The Month of Iyar

Every month of the Jewish calendar highlights unique events in the unfolding story of the Jewish people. The month of Iyar, the second month, is no exception.

The month of Iyar usually coincides with the Gregorian month of May. Iyar is its Babylonian name. The Bible refers to it as ‘the second month’ or ‘chodesh haziv’ (the month of shining or blossoming). There are always two days of Rosh Chodesh Iyar (celebration of the new moon), the first of which is the 30th day of Nisan. Iyar always has 29 days.

Although there are no major biblical or rabbinical holidays in Iyar, there are two minor holidays. Pesach Sheni, the second Pesach, is a mandated make-up day for those who could not bring the paschal sacrifice at its appointed time. Pesach Sheni falls on the 14th of Iyar. Lag B’Omer, the 33rd day of the Counting of the Omer, is celebrated on the 18th of Iyar.

Two dates commemorating events in Israel’s modern history are celebrated in Iyar. Israel Independence Day is celebrated on the 5th of Iyar, and Jerusalem Day, the day Israel conquered Jerusalem during the Six Day War, is celebrated on the 28th day of Iyar. The 4th of Iyar is marked in Israel as its national memorial day for fallen soldiers (Yom HaZikaron).

On the first day of Iyar, King Solomon began the construction of the First Temple (Kings I:6:1). On the exact same day, hundreds of years later, Ezra began the construction of the Second Temple (Ezra 3:8).

On the first day of Iyar following the exodus, the thirsty Israelites reached a well of bitter water. Moses cast a tree into the water and it miraculously became sweet. God then promised that if Israel followed His ways: “The diseases I have placed on Egypt I will not place upon you, for I am the Lord your Healer.” The Hebrew letters Iyar form an acronym of I am the Lord your Healer, thus Iyar is a propitious time for healing.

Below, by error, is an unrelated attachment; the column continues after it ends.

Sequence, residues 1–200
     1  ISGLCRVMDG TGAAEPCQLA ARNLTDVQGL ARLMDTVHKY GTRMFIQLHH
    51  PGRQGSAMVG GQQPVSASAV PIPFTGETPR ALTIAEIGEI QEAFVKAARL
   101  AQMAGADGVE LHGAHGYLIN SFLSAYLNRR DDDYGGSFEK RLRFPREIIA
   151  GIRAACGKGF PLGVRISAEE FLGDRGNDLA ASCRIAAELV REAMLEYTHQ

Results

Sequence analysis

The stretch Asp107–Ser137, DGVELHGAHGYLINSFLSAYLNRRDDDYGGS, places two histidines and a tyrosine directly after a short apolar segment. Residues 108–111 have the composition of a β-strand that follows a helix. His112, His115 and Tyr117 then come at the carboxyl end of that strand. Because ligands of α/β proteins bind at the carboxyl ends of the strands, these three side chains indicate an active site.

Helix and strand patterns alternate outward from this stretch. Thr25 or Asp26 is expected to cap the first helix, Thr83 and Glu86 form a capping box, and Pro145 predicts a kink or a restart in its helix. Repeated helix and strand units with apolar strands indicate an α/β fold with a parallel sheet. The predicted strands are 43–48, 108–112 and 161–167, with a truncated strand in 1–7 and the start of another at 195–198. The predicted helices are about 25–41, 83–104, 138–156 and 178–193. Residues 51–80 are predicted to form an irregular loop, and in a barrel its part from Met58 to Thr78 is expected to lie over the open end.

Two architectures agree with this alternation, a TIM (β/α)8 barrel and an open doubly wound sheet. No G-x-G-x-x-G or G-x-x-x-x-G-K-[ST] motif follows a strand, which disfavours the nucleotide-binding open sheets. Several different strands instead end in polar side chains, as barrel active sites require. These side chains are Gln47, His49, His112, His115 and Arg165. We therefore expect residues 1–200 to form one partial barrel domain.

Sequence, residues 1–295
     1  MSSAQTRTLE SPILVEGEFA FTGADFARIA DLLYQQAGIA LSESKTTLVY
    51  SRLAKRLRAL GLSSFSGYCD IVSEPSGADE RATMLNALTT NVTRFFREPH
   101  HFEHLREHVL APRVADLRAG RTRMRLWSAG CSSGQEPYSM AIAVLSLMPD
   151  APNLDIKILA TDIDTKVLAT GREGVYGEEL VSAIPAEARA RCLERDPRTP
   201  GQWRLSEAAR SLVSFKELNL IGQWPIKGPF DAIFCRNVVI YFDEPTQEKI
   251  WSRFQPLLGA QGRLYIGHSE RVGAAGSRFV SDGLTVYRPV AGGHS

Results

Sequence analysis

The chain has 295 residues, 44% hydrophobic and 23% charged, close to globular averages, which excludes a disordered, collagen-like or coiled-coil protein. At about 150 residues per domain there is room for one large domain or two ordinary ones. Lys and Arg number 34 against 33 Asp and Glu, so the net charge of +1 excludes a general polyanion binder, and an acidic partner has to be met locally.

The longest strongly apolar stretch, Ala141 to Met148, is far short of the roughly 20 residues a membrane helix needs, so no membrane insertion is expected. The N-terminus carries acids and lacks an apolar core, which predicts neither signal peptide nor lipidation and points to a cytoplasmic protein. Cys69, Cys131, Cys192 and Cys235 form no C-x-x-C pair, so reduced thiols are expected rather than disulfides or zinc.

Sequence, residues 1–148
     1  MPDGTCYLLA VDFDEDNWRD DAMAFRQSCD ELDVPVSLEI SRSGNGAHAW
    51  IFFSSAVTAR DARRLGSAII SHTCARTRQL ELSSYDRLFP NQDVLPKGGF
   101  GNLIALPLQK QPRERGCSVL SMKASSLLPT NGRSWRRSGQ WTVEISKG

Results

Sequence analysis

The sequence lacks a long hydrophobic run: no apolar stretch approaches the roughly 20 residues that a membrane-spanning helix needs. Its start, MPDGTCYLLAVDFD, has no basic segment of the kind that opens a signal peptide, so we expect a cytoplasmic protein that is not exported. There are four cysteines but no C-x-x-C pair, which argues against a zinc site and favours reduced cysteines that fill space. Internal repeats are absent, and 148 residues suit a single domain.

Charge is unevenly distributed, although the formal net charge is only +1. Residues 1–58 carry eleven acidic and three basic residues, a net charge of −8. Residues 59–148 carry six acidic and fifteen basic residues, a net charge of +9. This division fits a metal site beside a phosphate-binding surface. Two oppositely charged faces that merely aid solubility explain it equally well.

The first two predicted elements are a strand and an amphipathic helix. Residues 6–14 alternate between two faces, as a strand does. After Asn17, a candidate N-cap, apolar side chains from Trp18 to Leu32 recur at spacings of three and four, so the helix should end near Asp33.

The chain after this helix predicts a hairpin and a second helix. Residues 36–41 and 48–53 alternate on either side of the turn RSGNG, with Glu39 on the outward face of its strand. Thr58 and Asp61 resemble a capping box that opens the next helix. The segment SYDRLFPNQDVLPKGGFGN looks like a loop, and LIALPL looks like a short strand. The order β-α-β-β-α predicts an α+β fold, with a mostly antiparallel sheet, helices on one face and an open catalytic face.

During the month of Iyar following the exodus, the mannah which fed the Israelites for 40 years during their sojourn in the desert began to fall from heaven. Mannah is supposed to have healing qualities, another association between Iyar and healing. Also, the Talmud states that “The Torah could have only been revealed to eaters of mannah”. Therefore mannah is considered to increase intellectual capacity and the ability to receive God’s revelation.

The permutation of the four letter name of God through which divine energy flows through the cosmos during the month of Iyar is YHHV (yud hey hey vav). This name is hinted at in the Bible in a passage in Jeremiah, Yithallel Hamithallel Haskel Vyadoa, which means “Let him that glories glory in this, that he understands and knows me.” Iyar is thus a time especially conducive to developing the capacity to reflect and meditate on God.

The special part of the body associated with the month of Iyar is the right kidney. In the ancient Hebrew conception of the body, the kidneys are considered to have an intellectual function. The Bible says that the kidneys counsel a person. According to a midrash (biblical commentary), Abraham was taught the entire Torah by his kidneys. The bodily function associated with Iyar is hirhur (thinking or reflecting), which is consistent with the emphasis on meditation and intellect.

Iyar is a time of healing and developing one’s mental capacities. In modernity, Iyar is associated with the founding of Israel and Israel’s regaining of Jerusalem.